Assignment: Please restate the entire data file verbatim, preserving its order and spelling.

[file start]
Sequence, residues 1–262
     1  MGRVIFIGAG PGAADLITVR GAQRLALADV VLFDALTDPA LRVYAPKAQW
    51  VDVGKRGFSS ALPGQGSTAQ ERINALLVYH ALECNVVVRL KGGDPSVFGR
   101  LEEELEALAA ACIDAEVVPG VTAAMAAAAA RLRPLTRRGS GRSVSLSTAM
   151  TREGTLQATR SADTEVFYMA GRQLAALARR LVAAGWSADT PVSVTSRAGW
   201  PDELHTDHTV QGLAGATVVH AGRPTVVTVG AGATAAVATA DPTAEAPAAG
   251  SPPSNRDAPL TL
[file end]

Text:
Sequence, residues 1–262
     1  MGRVIFIGAG PGAADLITVR GAQRLALADV VLFDALTDPA LRVYAPKAQW
    51  VDVGKRGFSS ALPGQGSTAQ ERINALLVYH ALECNVVVRL KGGDPSVFGR
   101  LEEELEALAA ACIDAEVVPG VTAAMAAAAA RLRPLTRRGS GRSVSLSTAM
   151  TREGTLQATR SADTEVFYMA GRQLAALARR LVAAGWSADT PVSVTSRAGW
   201  PDELHTDHTV QGLAGATVVH AGRPTVVTVG AGATAAVATA DPTAEAPAAG
   251  SPPSNRDAPL TL